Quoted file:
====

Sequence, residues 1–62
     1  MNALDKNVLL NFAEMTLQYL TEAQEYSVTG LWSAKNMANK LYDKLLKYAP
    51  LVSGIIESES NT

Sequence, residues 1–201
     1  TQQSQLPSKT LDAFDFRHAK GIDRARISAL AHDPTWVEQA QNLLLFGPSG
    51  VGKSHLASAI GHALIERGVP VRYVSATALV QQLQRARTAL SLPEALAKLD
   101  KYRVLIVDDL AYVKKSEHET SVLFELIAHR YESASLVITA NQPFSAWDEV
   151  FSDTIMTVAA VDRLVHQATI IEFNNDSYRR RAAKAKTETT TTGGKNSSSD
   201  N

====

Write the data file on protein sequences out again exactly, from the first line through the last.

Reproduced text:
Sequence, residues 1–62
     1  MNALDKNVLL NFAEMTLQYL TEAQEYSVTG LWSAKNMANK LYDKLLKYAP
    51  LVSGIIESES NT

Sequence, residues 1–201
     1  TQQSQLPSKT LDAFDFRHAK GIDRARISAL AHDPTWVEQA QNLLLFGPSG
    51  VGKSHLASAI GHALIERGVP VRYVSATALV QQLQRARTAL SLPEALAKLD
   101  KYRVLIVDDL AYVKKSEHET SVLFELIAHR YESASLVITA NQPFSAWDEV
   151  FSDTIMTVAA VDRLVHQATI IEFNNDSYRR RAAKAKTETT TTGGKNSSSD
   201  N